From working conditions in their global supply chains to ethical use of their products, companies have a lot to consider when it comes to protecting human rights. And while the UN Guiding Principles on Business and Human Rights (UNGPs) provides a framework for the private sector to assess their impacts, national laws regarding how business should address human rights vary widely from country to country.
This inconsistent nature of national government-level approaches to protect human rights is just one factor—along with the climate crisis and technological disruption—that companies, particularly multinational corporations, must contend with in today’s new climate for business.
Like many challenges, the question of how business should address human rights is one that benefits from collaboration—which is why BSR established the Human Rights Working Group (HRWG) in 2012. The collaborative initiative seeks to help companies implement the UNGPs by providing operational-level guidance and bringing together a global community of business and human rights professionals. The spring meetings of HRWG, held in New York, London, and Tokyo, brought together representatives from 40 companies across sectors to connect over the field’s most pressing issues.
Over the course of the spring meetings, HRWG’s discussion covered topics ranging from children’s rights to the risks of doing business in disputed territories, as summarized in Human Rights Insights: Trends from the Human Rights Working Group’s Spring Meeting, which was published today.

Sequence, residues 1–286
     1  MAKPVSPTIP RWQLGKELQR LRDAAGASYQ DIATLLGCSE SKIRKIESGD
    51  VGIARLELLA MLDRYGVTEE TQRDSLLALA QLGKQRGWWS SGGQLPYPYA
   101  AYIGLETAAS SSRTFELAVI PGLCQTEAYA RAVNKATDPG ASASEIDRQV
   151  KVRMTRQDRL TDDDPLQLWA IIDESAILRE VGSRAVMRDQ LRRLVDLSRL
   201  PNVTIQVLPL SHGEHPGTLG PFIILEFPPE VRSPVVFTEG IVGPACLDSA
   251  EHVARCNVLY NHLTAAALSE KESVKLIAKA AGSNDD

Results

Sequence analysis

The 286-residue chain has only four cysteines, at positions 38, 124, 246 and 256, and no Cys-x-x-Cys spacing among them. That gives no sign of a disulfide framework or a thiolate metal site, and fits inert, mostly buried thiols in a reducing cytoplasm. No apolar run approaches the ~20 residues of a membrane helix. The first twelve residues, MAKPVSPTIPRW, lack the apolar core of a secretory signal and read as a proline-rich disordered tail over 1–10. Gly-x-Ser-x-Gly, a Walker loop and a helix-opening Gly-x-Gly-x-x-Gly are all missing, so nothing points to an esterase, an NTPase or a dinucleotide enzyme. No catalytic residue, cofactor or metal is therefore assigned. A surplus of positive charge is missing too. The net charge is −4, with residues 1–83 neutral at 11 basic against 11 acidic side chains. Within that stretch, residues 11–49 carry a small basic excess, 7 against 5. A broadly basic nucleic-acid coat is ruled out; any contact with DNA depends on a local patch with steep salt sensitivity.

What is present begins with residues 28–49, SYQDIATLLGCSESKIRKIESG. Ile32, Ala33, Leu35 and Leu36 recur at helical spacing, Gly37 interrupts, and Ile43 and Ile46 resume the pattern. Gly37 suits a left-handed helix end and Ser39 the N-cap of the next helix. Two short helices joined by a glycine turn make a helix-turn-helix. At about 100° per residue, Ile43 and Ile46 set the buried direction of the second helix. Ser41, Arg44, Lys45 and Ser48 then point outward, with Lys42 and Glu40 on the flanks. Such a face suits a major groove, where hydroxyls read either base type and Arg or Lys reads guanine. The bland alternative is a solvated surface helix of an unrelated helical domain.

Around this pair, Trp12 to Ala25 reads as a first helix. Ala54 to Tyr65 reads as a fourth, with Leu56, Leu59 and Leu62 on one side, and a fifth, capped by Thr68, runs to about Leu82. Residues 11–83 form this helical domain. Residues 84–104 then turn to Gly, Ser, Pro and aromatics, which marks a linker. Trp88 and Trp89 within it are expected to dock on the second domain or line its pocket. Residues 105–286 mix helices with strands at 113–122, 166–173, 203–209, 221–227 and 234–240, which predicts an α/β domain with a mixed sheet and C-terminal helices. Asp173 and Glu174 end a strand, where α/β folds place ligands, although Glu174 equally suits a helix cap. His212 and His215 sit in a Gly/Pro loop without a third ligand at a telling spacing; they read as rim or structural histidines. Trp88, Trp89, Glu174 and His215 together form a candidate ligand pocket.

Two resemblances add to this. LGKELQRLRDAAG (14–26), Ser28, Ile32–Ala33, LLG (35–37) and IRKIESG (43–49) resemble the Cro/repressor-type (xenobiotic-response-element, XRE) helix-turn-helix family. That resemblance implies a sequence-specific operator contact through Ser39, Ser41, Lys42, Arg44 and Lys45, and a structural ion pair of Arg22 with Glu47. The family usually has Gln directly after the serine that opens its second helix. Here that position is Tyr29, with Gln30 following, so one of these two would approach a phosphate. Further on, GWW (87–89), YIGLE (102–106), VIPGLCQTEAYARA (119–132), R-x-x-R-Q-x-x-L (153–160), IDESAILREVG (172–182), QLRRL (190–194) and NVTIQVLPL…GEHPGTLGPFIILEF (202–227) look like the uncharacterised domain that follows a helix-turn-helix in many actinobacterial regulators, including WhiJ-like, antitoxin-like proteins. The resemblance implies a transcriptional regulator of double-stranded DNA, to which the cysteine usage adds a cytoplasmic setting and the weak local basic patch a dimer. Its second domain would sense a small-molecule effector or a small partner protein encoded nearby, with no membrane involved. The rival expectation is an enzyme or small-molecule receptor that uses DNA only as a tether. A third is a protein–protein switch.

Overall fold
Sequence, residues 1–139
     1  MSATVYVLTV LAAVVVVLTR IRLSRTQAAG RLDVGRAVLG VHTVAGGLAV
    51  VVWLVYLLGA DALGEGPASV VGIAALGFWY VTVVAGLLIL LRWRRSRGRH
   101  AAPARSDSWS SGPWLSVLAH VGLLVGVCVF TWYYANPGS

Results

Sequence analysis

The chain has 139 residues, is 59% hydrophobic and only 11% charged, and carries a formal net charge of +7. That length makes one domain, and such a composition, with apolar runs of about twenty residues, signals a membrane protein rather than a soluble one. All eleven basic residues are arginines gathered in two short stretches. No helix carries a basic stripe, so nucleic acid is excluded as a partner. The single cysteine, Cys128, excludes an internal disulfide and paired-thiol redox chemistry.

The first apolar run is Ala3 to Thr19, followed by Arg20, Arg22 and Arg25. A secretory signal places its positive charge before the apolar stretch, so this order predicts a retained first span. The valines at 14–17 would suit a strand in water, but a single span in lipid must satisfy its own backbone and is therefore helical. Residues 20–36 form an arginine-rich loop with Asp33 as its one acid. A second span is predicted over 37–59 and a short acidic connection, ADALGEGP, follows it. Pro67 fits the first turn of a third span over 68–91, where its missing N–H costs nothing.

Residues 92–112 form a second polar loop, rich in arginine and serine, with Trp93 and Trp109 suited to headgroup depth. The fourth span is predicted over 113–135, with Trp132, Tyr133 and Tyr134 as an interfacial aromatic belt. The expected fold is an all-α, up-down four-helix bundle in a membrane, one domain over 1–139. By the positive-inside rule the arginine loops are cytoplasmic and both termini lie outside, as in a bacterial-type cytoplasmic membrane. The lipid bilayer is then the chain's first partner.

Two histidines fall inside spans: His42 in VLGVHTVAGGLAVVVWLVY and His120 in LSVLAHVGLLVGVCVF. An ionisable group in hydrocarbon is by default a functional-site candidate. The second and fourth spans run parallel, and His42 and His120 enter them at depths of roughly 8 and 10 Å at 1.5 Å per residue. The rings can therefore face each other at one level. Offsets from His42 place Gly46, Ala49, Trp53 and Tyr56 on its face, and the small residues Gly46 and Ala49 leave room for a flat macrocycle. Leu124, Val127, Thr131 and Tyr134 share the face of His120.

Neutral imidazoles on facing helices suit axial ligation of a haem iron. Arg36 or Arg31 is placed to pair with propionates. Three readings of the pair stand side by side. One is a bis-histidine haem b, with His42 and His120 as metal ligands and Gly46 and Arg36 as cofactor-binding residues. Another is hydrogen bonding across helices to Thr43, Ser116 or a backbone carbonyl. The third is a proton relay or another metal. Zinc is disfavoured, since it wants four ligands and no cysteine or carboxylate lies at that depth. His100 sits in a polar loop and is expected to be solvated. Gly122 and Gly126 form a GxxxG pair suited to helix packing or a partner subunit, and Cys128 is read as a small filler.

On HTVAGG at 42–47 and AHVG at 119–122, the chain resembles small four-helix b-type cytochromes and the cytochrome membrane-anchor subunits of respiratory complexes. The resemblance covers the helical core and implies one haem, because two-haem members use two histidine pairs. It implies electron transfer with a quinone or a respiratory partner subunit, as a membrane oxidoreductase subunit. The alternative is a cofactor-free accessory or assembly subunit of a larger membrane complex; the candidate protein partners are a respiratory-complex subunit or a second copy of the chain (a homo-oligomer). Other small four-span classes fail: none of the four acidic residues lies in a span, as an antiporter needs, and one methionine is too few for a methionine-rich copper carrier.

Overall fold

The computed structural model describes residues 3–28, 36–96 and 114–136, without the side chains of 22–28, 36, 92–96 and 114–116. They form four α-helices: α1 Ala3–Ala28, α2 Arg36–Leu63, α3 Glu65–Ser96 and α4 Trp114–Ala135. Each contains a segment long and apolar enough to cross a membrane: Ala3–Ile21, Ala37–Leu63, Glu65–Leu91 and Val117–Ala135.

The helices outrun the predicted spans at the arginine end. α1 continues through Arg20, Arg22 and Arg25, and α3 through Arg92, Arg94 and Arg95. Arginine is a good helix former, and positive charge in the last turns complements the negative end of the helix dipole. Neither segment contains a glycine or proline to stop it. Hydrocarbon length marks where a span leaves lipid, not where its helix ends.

One topic that highlighted the challenge of inconsistent approaches by national governments to issues of business and human rights was emerging legal trends in human rights. The Working Group delved into the following trends:
- Vedanta Lawsuit and Supply Chain Responsibility: Regardless of industry, multinational corporations with global subsidiaries should take note of the U.K. Supreme Court’s ruling in the lawsuit against British mining company Vedanta Resources, which deemed that the U.K.-based parent company could be sued for harms allegedly caused by their subsidiary.
- Modern Slavery and Human Rights Due Diligence: More and more, countries are considering or adopting laws that will require all businesses to conduct rigorous due diligence of their operations and supply chains.
- Discrimination Laws: Globally, there has been an increase in laws that prohibit discrimination. This is particularly salient for companies with global operations as countries that didn’t previously have laws relating to issues like gender discrimination are increasingly adopting and enacting them.
- Labor Protections: Protections for gig economy workers are weakening in many markets. Ride-sharing apps have been sued by their drivers to be considered employees instead of independent contractors in order to access better protections.
- Privacy: Privacy is increasingly an issue of concern for business, particularly those who have access to, and thus must protect, sensitive data from users and customers.
As countries’ concern for human rights changes, so will the legal landscape—as will the operating environment for business. Meetings of the HRWG are a unique space in which business and human rights professionals from companies of all industries can come together to discuss such pressing and emerging issues in the field. The global community fostered by this collaboration leads not only to knowledge sharing, but it also enables individuals to bring back key learnings to their own companies and inform business strategy.
BSR members interested in joining the Human Rights Working Group should not hesitate to reach out and connect with us.